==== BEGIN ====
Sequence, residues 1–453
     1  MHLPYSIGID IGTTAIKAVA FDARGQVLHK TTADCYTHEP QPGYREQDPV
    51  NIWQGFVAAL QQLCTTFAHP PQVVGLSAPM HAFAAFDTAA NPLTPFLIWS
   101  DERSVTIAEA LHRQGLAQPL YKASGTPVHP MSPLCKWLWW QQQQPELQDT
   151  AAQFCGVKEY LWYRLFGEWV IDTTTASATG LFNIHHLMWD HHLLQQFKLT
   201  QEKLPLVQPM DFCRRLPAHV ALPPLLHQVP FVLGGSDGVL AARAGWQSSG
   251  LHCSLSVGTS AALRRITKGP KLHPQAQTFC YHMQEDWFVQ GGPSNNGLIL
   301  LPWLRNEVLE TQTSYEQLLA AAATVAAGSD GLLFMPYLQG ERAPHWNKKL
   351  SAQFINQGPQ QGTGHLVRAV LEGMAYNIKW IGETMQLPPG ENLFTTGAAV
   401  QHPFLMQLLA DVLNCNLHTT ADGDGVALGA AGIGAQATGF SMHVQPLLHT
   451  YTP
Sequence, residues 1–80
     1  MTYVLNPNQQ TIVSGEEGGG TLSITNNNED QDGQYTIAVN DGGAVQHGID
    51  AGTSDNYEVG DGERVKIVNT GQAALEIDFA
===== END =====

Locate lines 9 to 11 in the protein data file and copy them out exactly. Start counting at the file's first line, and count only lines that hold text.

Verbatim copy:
   351  SAQFINQGPQ QGTGHLVRAV LEGMAYNIKW IGETMQLPPG ENLFTTGAAV
   401  QHPFLMQLLA DVLNCNLHTT ADGDGVALGA AGIGAQATGF SMHVQPLLHT
   451  YTP